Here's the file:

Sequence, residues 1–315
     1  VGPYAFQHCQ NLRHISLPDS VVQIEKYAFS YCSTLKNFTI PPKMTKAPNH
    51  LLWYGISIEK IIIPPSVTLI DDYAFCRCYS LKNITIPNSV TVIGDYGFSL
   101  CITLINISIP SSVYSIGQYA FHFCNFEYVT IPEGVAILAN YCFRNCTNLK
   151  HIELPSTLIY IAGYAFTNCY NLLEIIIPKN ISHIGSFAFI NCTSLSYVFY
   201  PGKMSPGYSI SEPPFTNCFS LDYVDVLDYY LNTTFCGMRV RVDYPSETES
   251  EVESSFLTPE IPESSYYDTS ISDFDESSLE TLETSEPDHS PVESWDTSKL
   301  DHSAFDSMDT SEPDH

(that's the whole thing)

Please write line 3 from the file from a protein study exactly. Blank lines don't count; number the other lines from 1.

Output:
    51  LLWYGISIEK IIIPPSVTLI DDYAFCRCYS LKNITIPNSV TVIGDYGFSL